Considering these facts, you may conclude that having a presence on Google Plus (a Google Plus Page) is unnecessary. Not so. For local businesses, one important reason remains, that is local search.
Today local and mobile search has become more prevalent, small businesses dependent on the local economy for their livelihood must enhance their business online and take steps to achieve greater visibility or lose out to their competition who do — which is why a Google Plus Page for business still has relevance.
This is why Google has introduced Google My Business (GMB) portal, associating Google Plus with Google Search and Google Maps and integrating easily with Hangouts and Youtube.
Users logged into Google, who conduct a local search (E.g., dentists in Kuala Lupur), will see a list of local businesses appear among the top returns as shown below.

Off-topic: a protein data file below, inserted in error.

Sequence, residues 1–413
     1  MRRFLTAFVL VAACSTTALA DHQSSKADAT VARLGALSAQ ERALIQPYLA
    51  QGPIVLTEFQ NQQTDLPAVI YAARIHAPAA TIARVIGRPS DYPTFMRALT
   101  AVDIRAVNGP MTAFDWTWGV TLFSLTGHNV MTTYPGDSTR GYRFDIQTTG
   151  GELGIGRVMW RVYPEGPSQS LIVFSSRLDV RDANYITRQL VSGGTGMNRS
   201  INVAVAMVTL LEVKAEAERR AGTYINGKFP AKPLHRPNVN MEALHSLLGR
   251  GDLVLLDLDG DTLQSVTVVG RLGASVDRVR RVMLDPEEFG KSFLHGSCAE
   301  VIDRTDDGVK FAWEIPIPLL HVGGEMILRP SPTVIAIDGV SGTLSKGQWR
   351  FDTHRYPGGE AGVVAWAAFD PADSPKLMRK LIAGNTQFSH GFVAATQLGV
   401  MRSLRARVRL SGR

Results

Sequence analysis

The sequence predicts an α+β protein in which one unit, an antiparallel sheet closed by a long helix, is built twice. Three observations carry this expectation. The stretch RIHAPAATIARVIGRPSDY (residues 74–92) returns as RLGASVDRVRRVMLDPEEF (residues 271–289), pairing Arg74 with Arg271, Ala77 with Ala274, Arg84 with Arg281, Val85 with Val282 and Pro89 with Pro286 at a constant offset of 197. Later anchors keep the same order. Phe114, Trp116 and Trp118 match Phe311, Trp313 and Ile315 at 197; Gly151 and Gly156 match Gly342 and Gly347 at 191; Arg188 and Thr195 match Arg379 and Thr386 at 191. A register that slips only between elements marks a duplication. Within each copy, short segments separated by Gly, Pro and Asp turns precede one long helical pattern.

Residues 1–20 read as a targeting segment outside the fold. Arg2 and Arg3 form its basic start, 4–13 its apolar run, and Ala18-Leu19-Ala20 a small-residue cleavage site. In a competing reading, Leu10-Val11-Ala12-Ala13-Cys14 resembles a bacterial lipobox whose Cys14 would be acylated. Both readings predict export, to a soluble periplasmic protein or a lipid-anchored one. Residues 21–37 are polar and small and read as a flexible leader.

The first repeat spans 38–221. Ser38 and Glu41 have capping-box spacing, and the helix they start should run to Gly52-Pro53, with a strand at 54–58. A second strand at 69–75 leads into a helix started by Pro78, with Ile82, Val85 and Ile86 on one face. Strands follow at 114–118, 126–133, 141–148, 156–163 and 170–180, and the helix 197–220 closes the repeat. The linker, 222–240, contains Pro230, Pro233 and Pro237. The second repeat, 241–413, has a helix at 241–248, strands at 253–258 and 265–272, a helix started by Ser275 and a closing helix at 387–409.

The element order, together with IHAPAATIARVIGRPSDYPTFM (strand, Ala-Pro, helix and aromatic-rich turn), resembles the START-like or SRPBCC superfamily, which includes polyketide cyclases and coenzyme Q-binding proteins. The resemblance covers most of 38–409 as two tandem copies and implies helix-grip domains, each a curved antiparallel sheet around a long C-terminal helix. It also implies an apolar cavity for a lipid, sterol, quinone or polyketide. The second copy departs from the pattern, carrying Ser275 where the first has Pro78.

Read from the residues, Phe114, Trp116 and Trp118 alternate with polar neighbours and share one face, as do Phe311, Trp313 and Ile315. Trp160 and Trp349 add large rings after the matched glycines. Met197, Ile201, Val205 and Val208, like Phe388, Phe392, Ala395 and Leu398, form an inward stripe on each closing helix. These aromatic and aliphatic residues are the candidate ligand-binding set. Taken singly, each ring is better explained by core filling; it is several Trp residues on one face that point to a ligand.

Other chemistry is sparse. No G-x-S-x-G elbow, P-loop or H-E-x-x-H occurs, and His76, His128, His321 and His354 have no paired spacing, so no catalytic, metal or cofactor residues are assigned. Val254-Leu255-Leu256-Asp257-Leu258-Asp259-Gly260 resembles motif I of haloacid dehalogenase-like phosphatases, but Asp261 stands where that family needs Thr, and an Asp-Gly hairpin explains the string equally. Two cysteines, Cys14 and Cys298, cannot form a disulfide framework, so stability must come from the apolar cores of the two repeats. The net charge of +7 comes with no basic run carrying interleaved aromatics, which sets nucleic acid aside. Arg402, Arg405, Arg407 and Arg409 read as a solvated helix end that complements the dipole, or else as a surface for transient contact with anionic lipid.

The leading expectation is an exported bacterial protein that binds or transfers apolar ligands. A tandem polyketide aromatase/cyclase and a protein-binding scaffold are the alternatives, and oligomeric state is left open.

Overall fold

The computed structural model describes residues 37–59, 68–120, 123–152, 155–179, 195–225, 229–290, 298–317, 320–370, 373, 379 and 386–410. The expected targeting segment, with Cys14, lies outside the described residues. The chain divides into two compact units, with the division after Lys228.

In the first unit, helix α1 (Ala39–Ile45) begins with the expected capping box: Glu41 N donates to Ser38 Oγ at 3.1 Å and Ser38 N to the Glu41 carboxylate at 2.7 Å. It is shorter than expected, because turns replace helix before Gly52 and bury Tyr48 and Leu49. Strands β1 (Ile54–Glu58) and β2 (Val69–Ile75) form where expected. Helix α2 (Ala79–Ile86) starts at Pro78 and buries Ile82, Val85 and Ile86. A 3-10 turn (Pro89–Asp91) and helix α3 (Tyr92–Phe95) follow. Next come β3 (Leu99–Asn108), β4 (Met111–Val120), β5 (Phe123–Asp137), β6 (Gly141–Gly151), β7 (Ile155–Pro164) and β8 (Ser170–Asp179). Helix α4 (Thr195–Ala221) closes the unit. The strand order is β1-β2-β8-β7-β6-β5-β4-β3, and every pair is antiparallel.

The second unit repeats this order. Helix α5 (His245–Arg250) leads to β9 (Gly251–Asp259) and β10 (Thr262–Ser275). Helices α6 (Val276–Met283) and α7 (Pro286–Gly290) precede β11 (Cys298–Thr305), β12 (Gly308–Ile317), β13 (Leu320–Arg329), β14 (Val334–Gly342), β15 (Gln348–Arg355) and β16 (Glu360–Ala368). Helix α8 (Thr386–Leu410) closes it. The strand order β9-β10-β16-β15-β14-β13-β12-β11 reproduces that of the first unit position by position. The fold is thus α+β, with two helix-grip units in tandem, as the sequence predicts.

Google emphasises on building good user experience throughout Google and when a business contribute to this, you will be in Google's good books.
Recommendations for Using Google Plus.
Despite the fact that you will likely see little activity on your Google Plus page, there are ways that you can leverage it to your benefit.
- Claim and verify your Google My Business listing. A vital first step, GMB is the gateway to getting your business ranked in local search. (That’s true whether or not Google Plus continues to exist.) Make sure the information is complete and accurate.
- Link to Google Plus from your website. Anyone interested in leaving a comment can use the link to gain access. It may also help you pick up a few followers.
- Post to your G+ page. If you’re already posting to Facebook and Twitter, add Google Plus to the list. (Using a social media management tool like Hootsuite makes this easy.) Don’t expect much attention from followers, but searchers may find one of your posts appearing in Google search results. The more you post, the greater the likelihood that will occur.
This can bolster the number of reviews you receive, which can help your business stand out from sites that have fewer reviews. Without a doubt, the future of Google Plus is in flux (in continuous change). For now, so long as Google ties the platform to Search and Maps, it’s worthwhile having a presence there.
Original article was written by Paul Chaney on WebMarketing Today: